Milton’s Sara Rogati races her way to the finish line during a speed dribbling drill last Sunday at the Essex Tree Farm. Sara is one of 49 TOPSoccer players mentored by area high school athletes, including some from the Milton High School girls soccer team. (Photo by Kaylee Sullivan)

Applause from almost 200 people repeatedly exploded at Essex Tree Farm last Sunday as young soccer stars with disabilities were called up one by one to receive a trophy and stream of high-fives from coaches and players.

The celebration marked Vermont’s 11th season of TOPSoccer, or The Outreach Program for Soccer. The nationwide program, run under the umbrella of U.S. Youth Soccer, matches area varsity high school soccer players with kids with disabilities, ages 4 to 21, for six weeks each fall.

Kids learn basic soccer technique for speed dribbling, passing, receiving and shooting, and how to interact socially.

Essex High School girls soccer, along with the Rice Memorial High School’s boys team, have been with the program since its start. EHS boys plus the Rice, Milton High School and Colchester High School girls teams have since joined, amounting to 97 varsity players.

“Growth is very much secondary to the fact that it is a program that allows children who are normally on the sidelines watching siblings player soccer, get out and play,” TOPSoccer founder Ed DeMulder added.

Despite being rivals, the high-schoolers said working in a friendly environment with other players creates a unique and positive bond.

For Milton senior Emily Pallas, the experience brings her back to the roots of the game, reminding her why she plays soccer in the first place.

“I love soccer,” Pallas said. “It’s a big stress reliever … it gets your mind off of things.”

So when someone’s in a rut, focusing on standings or playing time, Pallas said showing up Sunday is a positive reminder to relax and have fun.

For the past two years, Pallas was partnered with the same young boy, Sam, giving her the opportunity to further their bond. In many instances, buddies are matched with someone different every year.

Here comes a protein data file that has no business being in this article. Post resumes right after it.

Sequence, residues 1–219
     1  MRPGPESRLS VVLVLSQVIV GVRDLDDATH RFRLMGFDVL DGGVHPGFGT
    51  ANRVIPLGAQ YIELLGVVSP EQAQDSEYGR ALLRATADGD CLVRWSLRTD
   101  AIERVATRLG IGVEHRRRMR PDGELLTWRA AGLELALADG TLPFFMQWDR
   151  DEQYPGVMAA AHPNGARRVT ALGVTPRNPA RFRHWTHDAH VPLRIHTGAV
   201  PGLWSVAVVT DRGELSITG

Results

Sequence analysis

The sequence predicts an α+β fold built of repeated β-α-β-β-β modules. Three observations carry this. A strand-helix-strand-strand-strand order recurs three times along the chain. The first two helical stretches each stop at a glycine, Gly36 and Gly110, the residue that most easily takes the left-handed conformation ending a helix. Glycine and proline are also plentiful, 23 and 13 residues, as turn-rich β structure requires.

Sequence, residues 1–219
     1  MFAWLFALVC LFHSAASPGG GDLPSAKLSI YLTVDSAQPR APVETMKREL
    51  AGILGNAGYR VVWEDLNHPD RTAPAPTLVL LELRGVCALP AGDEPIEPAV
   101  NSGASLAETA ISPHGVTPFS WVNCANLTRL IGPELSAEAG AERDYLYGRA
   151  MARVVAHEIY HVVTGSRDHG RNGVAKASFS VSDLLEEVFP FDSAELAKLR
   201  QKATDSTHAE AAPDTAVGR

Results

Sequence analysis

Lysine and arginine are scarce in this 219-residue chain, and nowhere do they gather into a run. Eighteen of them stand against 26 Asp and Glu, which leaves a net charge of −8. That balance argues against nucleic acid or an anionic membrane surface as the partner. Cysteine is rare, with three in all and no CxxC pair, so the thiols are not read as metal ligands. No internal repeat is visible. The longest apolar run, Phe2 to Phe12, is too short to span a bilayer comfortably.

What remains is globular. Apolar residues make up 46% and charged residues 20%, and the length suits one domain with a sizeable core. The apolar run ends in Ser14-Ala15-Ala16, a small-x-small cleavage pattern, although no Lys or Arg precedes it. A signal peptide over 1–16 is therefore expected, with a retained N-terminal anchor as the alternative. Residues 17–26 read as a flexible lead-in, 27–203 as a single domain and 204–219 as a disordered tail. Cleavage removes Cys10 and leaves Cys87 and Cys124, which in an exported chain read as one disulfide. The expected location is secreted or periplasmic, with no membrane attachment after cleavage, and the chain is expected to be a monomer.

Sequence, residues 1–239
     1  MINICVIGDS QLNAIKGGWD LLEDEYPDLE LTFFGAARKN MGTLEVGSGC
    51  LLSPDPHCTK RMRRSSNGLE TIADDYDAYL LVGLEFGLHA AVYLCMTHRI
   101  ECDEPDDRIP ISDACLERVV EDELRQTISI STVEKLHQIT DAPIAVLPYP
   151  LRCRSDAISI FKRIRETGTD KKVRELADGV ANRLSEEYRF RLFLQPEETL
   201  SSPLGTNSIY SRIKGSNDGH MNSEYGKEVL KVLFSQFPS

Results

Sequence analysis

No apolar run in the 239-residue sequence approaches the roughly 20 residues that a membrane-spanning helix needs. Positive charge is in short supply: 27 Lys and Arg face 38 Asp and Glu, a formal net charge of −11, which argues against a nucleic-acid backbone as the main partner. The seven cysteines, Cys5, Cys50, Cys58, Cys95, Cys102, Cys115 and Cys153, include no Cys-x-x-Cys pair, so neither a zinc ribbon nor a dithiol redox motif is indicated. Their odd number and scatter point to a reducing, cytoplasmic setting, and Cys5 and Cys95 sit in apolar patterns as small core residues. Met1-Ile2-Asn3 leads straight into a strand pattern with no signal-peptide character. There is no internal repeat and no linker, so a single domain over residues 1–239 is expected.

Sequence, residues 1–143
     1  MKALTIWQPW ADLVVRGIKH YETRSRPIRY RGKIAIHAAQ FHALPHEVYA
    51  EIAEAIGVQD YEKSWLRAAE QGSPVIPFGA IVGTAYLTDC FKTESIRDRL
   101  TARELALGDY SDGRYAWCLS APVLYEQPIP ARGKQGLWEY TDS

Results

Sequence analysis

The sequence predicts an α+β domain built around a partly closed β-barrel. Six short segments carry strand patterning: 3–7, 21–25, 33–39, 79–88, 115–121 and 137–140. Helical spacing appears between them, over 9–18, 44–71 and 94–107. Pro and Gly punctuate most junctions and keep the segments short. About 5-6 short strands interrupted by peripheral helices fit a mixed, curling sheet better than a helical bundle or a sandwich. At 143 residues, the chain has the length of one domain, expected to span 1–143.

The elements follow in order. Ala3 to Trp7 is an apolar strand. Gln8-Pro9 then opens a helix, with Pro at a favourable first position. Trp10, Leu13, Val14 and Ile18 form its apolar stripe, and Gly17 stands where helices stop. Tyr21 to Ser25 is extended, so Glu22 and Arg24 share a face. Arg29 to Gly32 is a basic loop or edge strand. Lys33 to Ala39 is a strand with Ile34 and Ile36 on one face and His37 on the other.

Like many of these athletes, TOPSoccer was Pallas’ first time working alongside kids with disabilities.

At first, she said, Sam wouldn’t participate in drills, often sitting on the sideline screaming. She was unsure how to handle the situation and just tried to survive the two-hour session. That changed, though, and now she can’t believe the season’s over.   

Always looking forward to Sunday, Pallas learned how to engage Sam, even when he starts to lose focus. Plus, she said, his skills have improved dramatically.

“They do more for me than I could ever do for them,” Pallas said.

Away at a family reunion last Sunday, Sam wasn’t present to receive his trophy and high-fives. Rest assured, Pallas said he’s planning to attend one of Milton’s remaining games this fall.

Upon graduation, Pallas said she’s going to miss TOPSoccer, but more specifically, her new friend.

“He comes in here and he starts singing Taylor Swift at the top of his lungs,” Pallas said with a laugh. “He knows all the lyrics — he’s only 6 years old — I don’t know how!”

Twins Gabe and Katrina Garrow of Milton are pictured before last weekend’s award ceremony. Katrina, who plays for the Rice Memorial High School varsity team, is one of 97 high-schoolers who volunteer their time to TOPSoccer in the fall. (Photo by Kaylee Sullivan)

On the field over from Pallas, Milton twins Katrina and Gabe Garrow ran about, passing the ball between sets of cones. Katrina, who plays for Rice, is partnered with Gabe, who has a disability.

According to DeMulder, Gabe is one of TOPSoccer’s biggest success stories. A few weeks ago, a TOPSoccer program from Woodstock came to scrimmage at the Essex Jct. facility. Gabe came up big, scoring the winning goal, DeMulder said.

No matter if a goal is a game-winner or a slow, trickling ball to the back of the net, each feat is celebrated like it’s part of a World Cup game: Dozens of pairs of hands shoot up in the air, bracing for a rigorous round of high-fives.

Like Pallas, TOPSoccer teaches the high-schoolers how to adapt and coach a variety of kids, who all have different skill levels and physical and intellectual abilities.

For Ruby Tetrick of Colchester, the experience taught her how to make her buddy, Ella St. Francis, comfortable enough to break away from her shy façade and be her outgoing and humorous self.

According to her dad, John St. Francis, Ella wakes up every fall Sunday and tells her brothers and sisters, “I have TOPSoccer today!”

“It’s fabulous to get the kids out and enjoying, learning and exercising,” St. Francis said. “And really what is special is all the volunteer coaches: The high school students who all take time off their Sundays to come and do this, it’s really great.”

Pallas laments that she can’t continue volunteering with TOPSoccer after graduation.

“I wish I could come back and do it,” she said. “But hopefully I can stay in touch with [Sam].”